Black Faces, White Spaces: Reimagining the Relationship of African Americans to the Great Outdoors
Why are African Americans so underrepresented when it comes to interest in nature, outdoor recreation, and environmentalism? In this thought-provoking study, Carolyn Finney looks beyond the discourse of the environmental justice movement to examine how the natural environment has been understood, commodified, and represented by both white and black Americans. Bridging the fields of environmental history, cultural studies, critical race studies, and geography, Finney argues that the legacies of slavery, Jim Crow, and racial violence have shaped cultural understandings of the "great outdoors" and determined who should and can have access to natural spaces.
Drawing on a variety of sources from film, literature, and popular culture, and analyzing different historical moments, including the establishment of the Wilderness Act in 1964 and the aftermath of Hurricane Katrina, Finney reveals the perceived and real ways in which nature and the environment are racialized in America. Looking toward the future, she also highlights the work of African Americans who are opening doors to greater participation in environmental and conservation concerns.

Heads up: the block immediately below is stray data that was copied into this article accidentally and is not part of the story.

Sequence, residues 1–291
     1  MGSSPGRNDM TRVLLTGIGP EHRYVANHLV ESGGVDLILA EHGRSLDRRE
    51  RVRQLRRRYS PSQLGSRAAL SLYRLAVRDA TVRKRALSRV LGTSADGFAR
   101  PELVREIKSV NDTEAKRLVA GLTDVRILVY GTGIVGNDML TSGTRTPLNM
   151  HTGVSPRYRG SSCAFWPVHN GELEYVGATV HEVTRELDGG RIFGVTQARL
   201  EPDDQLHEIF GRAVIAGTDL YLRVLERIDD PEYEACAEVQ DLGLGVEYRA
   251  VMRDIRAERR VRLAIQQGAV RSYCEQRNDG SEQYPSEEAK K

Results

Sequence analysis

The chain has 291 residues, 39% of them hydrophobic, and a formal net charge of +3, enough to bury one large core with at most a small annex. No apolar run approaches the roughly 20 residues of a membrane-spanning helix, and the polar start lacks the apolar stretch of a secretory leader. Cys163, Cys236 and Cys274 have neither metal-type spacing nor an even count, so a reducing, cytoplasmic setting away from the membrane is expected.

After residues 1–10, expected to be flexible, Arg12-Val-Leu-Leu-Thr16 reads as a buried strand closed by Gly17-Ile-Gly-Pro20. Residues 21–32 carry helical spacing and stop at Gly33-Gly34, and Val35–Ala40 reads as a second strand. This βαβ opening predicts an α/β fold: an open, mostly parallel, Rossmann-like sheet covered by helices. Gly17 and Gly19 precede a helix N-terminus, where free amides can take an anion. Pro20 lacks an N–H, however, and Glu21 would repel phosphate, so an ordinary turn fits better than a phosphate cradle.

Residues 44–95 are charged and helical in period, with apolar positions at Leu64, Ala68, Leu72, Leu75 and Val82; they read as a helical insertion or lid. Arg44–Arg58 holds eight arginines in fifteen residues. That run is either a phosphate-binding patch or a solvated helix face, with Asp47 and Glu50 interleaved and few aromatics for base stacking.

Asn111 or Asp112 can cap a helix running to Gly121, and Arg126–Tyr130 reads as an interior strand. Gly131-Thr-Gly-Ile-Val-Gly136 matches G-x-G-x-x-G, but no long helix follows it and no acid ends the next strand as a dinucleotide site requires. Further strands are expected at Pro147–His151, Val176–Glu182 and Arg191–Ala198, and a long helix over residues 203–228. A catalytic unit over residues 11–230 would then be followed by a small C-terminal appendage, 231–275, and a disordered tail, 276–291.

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Review: Black Faces, White Spaces: Reimagining the Relationship of African Americans to the Great OutdoorsUser Review - Erica - Goodreads
well, i'm a fan of any critique of the NPS that invokes bell hooks. i think i'd expected a more literary work, rather than a kind of dry academic account of Finney's studies, but the histories, ideas and critiques she presents are important and definitely worth reading. Read full review